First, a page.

Washington, D.C. – Today Food & Water Watch, represented by both the Mid-Atlantic Environmental Law Center (“MAELC”) and the Widener University Delaware Law School Environmental and Natural Resources Law Clinic, sent Mountaire Farms, Inc. a notification that the organization is prepared to file suit if the company continues to violate the Clean Water Act at its poultry processing facility in Selbyville, Delaware.
In May of this year, the MAELC conducted a compliance sweep of 50 pollutant discharge permits in the state of Delaware. These permits are issued under the Clean Water Act and allow facilities to discharge pollutants into waterways. The Center found eight of the 50 permits had exceeded allowable levels of discharges under the permits. However, one facility in particular, stood out as the worst offender – Mountaire Farms.
Mountaire Farms is permitted to discharge pollutants into the Sandy Branch of the St. Martin River. Under the National Pollutant Discharge Elimination System (“NPDES”) permitting program, the Delaware Department Natural Resources and Environmental Control issues permits to facilities that discharge pollutants into waters of the state. These permits set limits on how much pollution can be discharged from a particular facility. If a facility discharges in excess of its permit limits, it is in violation of its permit and subject to both state and federal enforcement.
Dating back to at least 2011, Mountaire Farms has had significant and continuing discharge violations for the categories of Biochemical Oxygen Demand, Oil & Grease, Ammonia Nitrogen, Total Suspended Solids and Enterococci. These pollutants can cause great harm to aquatic life, as well as threaten public health.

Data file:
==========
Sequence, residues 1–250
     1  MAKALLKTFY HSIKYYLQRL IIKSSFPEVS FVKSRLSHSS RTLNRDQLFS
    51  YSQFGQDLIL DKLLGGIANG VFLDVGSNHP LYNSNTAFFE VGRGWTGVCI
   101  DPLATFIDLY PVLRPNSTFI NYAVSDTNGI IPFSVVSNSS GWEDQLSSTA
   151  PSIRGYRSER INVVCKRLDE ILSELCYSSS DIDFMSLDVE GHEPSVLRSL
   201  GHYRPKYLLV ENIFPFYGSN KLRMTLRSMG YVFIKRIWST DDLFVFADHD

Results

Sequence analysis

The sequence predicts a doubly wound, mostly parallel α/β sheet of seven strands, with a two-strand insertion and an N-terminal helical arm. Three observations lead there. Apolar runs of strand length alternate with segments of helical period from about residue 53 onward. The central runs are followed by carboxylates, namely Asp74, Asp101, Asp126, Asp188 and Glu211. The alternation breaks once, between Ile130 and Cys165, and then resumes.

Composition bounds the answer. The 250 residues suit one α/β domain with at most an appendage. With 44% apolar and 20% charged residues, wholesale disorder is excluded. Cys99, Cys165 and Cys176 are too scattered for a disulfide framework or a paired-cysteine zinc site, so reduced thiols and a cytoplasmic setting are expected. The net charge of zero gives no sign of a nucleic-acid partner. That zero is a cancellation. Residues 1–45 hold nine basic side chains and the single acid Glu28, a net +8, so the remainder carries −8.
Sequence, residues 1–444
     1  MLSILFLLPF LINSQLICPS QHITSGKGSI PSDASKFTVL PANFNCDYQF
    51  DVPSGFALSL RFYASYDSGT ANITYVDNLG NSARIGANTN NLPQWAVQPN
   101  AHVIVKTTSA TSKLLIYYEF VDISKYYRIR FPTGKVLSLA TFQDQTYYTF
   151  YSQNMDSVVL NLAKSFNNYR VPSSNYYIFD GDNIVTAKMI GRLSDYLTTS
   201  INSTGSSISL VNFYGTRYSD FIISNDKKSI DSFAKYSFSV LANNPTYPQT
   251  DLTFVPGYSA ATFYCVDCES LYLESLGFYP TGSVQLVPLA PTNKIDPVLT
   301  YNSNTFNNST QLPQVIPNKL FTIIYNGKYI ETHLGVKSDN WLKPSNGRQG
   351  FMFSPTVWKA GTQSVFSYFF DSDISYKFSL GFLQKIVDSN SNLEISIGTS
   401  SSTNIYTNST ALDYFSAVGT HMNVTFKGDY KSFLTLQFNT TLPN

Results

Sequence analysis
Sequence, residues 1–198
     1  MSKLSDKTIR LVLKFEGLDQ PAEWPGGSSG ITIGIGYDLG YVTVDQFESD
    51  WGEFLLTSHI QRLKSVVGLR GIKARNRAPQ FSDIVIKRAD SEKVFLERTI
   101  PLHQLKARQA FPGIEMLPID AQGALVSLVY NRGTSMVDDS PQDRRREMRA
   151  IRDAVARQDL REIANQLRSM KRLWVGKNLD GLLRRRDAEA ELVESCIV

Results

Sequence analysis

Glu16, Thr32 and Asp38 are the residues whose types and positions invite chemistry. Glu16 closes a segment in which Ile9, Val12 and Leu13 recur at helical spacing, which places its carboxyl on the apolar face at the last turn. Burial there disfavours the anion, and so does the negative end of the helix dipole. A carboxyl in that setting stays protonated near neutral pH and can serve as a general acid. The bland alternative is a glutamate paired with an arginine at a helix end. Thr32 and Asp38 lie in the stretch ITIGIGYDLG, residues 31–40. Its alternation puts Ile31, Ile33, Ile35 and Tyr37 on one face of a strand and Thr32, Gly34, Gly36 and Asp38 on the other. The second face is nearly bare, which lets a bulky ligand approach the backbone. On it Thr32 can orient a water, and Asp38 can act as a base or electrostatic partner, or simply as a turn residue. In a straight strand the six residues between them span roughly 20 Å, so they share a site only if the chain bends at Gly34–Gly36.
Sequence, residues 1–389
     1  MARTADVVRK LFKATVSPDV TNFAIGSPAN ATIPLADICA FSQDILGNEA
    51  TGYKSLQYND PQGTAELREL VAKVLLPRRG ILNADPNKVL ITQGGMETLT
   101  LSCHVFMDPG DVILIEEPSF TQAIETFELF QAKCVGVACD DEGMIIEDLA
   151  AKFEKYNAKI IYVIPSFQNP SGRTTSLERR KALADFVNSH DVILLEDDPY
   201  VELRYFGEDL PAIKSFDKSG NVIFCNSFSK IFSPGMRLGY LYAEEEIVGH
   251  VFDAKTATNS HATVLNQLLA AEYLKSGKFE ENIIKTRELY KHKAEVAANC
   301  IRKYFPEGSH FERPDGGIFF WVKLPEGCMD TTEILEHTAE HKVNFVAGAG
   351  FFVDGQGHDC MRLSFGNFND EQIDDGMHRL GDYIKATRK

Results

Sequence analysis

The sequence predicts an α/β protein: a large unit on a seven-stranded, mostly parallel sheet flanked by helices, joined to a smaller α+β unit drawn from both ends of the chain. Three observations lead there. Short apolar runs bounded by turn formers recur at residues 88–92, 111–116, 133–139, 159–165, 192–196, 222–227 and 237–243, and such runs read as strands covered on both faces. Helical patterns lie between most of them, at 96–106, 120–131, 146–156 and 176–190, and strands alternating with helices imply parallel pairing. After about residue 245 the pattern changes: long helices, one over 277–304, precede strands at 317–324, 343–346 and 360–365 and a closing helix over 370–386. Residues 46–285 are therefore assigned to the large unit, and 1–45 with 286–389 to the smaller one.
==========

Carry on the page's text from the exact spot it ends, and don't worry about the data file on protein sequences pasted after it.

A troubling 94 percent of Delaware's river and streams are not fishable and 85 percent are not swimmable. The St. Martin River ranks last in the Coastal Bays for estuarine health. Delaware can no longer endanger the habitat for wildlife and fish, as well as the drinking water supply and tourism in surrounding areas with the lax enforcement of corporate polluters, such as Mountaire Farms. The "business as usual" model is threatening the recreation of the residents and tourists who enjoy St. Martin and Sandy Branch.
Today, Food & Water Watch has responded to these violations by sending a 60-Day Notice of Intent to Sue letter pursuant to the Clean Water Act for the facility’s violations of its state issued NPDES permit. “Companies like Mountaire contribute significantly to ongoing water pollution problems throughout their integrated and unsustainable system of meat production, from the contract farms where the chickens are raised to these facilities where they are slaughtered and processed,” stated Scott Edwards, co-director of Food & Water Justice, the legal arm of Food & Water Watch. “As is the case here, our state and federal officials rarely hold these companies accountable for their polluting practices, so it’s up to citizens to enforce the law and protect their waterways and communities.”
“Our goal is not only to ensure that Mountaire Farms takes the necessary steps to get back into compliance with its NPDES permit, but also that the facility is penalized for its damage to the environment over the course of the past five years. Facilities in Delaware need to be held accountable for their permit violations and we are ready to take action when the state will not,” says Hannah Leone, a fellow with the MAELC.
If Mountaire Farms continues to discharge pollutants as it has been, Food & Water Watch is prepared to move forward with litigation in order to protect the health of Delaware’s waters and the safety of its citizens.